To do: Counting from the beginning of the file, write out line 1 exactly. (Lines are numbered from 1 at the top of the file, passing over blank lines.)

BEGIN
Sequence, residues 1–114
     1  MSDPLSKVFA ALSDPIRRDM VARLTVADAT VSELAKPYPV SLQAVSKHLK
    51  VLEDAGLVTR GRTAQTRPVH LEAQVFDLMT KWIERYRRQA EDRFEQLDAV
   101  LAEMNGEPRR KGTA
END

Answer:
Sequence, residues 1–114